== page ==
REVIEW: An evening-length work by luciana achugar is by turns graceful, awkward, transgressive and off-putting.
Until Thursday night, I’d never felt nauseated because of a show. But “Otro Teatro,” created by Bessie award-winning Brooklyn-based choreographer luciana achugar in collaboration with more than two dozen local performers (including Zenon Dance Company members) upended my equilibrium in its first 30 minutes. I recovered for the remaining intermission-less two hours but swung between loving and hating the goings-on. This world premiere commission by the Walker Art Center is draining, exhilarating, infuriating and inspiring.
Ritual is key. When the audience enters the theater a prone figure in a black shroud kisses everyone’s shoes. As the lights dim the mysterious being — achugar — takes the stage. Her moans morph into chants as she whirls around blindly (head covered). She catches herself, resets and repeats, pushing herself to exhaustion. It’s literally dizzying to watch — hence the sick feeling — but also oddly virtuosic, like Sufi spinning with a feral twist.
When achugar completes this cycle she dances nude, her limbs streaked with red markings like blood. Her movement runs the gamut from awkward to graceful and then overtly sexual as she deliberately explores the body’s potential for rebirth, pleasure, rebellion. What happens next? A total annihilation of the fourth wall.
Stationed throughout the audience are performers who harmonize, yawn, cry out and bang on their chairs. Some of this rowdy crew beat on the theater’s metallic walls and others go bare-chested (or all-out naked). So many people dance in the aisles, slither in the shadows and writhe onstage that you wonder what’s planned and who just joined in.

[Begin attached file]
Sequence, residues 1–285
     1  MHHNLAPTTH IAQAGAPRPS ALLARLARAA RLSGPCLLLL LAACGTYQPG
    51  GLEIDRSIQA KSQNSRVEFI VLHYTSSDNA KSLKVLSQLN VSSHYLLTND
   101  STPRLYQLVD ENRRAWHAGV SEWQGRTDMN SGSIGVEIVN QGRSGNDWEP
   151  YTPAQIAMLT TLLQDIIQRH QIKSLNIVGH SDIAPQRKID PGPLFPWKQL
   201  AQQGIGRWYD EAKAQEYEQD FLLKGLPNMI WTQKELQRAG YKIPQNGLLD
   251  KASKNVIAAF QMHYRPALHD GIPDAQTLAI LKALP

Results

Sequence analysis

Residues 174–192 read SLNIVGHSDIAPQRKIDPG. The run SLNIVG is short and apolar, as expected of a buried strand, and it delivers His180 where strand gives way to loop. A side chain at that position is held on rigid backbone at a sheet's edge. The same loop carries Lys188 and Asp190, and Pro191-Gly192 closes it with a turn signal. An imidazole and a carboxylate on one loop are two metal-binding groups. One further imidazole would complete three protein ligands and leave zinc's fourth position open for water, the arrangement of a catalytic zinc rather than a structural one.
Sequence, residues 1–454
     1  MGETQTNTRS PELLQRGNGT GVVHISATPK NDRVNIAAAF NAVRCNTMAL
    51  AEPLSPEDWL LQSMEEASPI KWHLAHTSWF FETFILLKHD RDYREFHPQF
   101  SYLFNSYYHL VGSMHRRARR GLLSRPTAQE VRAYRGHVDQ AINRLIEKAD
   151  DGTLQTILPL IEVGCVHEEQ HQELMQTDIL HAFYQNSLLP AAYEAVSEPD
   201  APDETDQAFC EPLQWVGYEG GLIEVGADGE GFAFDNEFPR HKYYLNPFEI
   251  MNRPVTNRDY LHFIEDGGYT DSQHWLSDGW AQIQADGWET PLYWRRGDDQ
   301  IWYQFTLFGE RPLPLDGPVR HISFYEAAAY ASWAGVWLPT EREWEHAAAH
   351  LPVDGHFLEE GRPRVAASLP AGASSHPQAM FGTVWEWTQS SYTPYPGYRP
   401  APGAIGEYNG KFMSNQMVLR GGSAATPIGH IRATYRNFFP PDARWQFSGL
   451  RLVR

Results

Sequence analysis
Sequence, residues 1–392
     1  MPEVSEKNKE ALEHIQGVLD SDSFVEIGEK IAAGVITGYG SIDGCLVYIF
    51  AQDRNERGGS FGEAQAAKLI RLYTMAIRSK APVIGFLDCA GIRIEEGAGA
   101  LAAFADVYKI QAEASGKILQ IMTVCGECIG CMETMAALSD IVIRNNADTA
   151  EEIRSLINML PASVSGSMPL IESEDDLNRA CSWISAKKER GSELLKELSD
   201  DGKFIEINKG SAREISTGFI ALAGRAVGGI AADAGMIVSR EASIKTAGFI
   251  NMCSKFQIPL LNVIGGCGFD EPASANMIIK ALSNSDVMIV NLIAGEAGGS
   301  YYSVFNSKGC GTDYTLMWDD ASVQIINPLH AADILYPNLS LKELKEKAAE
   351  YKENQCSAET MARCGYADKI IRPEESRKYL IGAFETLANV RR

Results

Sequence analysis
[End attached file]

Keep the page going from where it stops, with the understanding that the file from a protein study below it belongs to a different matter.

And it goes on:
Meanwhile, the pounding, psyche-piercing vocalizing and the compulsive movement provoke a strong urge to escape from so much human commotion and an equally compelling fascination with the total lack of inhibition. The performers eventually end up in a pile while one person uses tape to create angular shapes on the back wall; others decorate the floor with more connecting lines. It’s never really clear when the show is over.
“Otro Teatro” invites comparisons to the Living Theatre (co-founded in 1947 by Julian Beck and Judith Malina), which pioneered participatory experimental performance aimed at dismantling societal norms. That troupe earned respect however its approach was — and remains — challenging. The same holds true for achugar’s efforts: audacious but tough to endure.
Caroline Palmer writes about dance.